Spontaneous Play and Talk

Oral Language Teaching Strategy
Extend and Check the Meaning Extend and Check the Meaning Expand on the language and detail in students’ communication to check the meaning.

Time: 20–25 minutes
– one puppet for each student
– a bag for the puppets
Grouping: whole class and partners
Assessment: Use selected items from the Kindergarten Oral Language Assessment Scale for recording your observations.


  • Place all the puppets in the bag. If you have more than 20 students in your class, you will need to add extra puppets to the bag.

  • We are going to play with puppets today. I am going to show you how to have a conversation with a puppet and how to talk and play with someone else’s puppet

    Introduce the lesson’s focus of using puppets for spontaneous play and talk.

Setting a Purpose

  • Establish a purpose by asking students to watch and listen and tell you how you played with the puppets.


I’ve got a fireman. I could make up a story about a fireman or I could just pretend to be the fireman and tell you about myself. I think I’ll tell you about myself. I’m Luke the fireman and I live in a small village…

  • Select a puppet from the bag. Think aloud about what you could use the puppet for, and use a special voice for your character.

  • Have students, one at a time, select a puppet from the bag. Invite them to use their puppets to tell a story or to tell people about themselves. They can practise on their own and then share their ideas with a partner.

Teaching Tip: Ask one or two students to share their puppet talks with the class. Choose students who are using special voices for their characters. You may want all the students to ‘talk like a bear’ or ‘talk like a princess.’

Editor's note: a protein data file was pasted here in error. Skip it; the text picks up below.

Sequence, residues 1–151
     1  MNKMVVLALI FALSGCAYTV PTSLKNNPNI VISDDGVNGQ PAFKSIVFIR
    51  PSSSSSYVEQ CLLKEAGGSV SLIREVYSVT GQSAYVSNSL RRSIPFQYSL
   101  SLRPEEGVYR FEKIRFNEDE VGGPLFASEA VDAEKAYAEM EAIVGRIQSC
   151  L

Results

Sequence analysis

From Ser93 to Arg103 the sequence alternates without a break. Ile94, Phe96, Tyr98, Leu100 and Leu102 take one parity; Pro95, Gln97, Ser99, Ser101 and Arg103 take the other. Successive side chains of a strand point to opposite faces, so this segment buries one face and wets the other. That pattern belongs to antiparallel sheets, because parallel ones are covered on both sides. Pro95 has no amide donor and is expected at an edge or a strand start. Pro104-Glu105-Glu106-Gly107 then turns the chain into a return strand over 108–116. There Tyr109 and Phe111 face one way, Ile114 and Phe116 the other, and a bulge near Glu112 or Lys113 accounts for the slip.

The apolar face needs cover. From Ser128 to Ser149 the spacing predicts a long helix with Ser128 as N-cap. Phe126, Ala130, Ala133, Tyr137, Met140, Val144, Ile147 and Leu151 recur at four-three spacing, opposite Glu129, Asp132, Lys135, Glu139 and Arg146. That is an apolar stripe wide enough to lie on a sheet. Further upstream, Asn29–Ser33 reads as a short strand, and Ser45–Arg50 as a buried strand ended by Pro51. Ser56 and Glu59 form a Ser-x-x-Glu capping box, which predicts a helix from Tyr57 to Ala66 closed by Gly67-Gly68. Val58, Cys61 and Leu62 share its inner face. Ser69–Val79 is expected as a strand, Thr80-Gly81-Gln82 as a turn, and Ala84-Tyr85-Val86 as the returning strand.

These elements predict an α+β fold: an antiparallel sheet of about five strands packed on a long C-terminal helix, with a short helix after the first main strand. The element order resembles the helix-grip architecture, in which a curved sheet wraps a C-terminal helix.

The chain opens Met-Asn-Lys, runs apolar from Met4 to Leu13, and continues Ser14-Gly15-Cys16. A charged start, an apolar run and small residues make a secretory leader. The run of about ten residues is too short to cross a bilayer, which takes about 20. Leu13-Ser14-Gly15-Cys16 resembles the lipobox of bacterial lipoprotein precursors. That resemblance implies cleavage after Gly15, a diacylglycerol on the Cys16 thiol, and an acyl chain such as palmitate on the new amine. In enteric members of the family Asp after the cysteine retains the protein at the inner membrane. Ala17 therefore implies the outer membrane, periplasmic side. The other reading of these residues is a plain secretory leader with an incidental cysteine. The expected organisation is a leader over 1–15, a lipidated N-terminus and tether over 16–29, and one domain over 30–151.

• So you’re a sheep and live in a field. I’m wondering what you can see from your field? What do you do when the weather is cold? Can you tell me more, woolly sheep?

    Move around the class, observing and taking opportunities to expand language.

  • Kris can you bring your cat up here and we’ll make up a story together. Let’s pretend you are stuck up a tree. What would you say?

  • Model how to interact with another puppet. Select a student to be your partner, then start the story and construct a scenario where the fireman and the cat use dialogue to tell the story.

  • I loved the ending where the pirate decided to take the frog with him on his trip. Do you think the frog would want to know a bit more about where they were going? Can you play that part again and add a few more details?

    Pair the students and encourage them to make up a story that fits with their puppets. (Students can work in a group of three if numbers are uneven.)

  • Move around the classroom, observing, and taking opportunities to expand language.

  • You may ask a few students to share their plays with the class.


  • How did we play with the puppets? Yes, we made our puppets talk and tell about themselves. What else did we do?

    Revisit the purpose for watching and listening by asking the students how you played with puppets.

  • Yes, you could tell your puppet a secret, pretend you were going to space with your puppets, or make up a game where you have a zoo and zookeepers to take care of the animals. You could pretend you are going to the doctor or pretend you are a cowboy on a ranch and have adventures.

    Ask the students to use the puppets during centre times to talk about themselves (e.g., a pirate talking about his job, or a bear talking about life in the forest) or to make up a story. Ask students if there’s anything else they could do with the puppets.

  • Suggest that the students could play by themselves, with a partner, or in a small group, with each student having one or two puppets. Point out the props box where you have included a variety of small items that could be used to support puppet play.

Teaching Tip: Look at the suggestions for creating a props box and a puppet theatre. (See the Instructional Tips for using puppets in the Introduction and Assessment section.)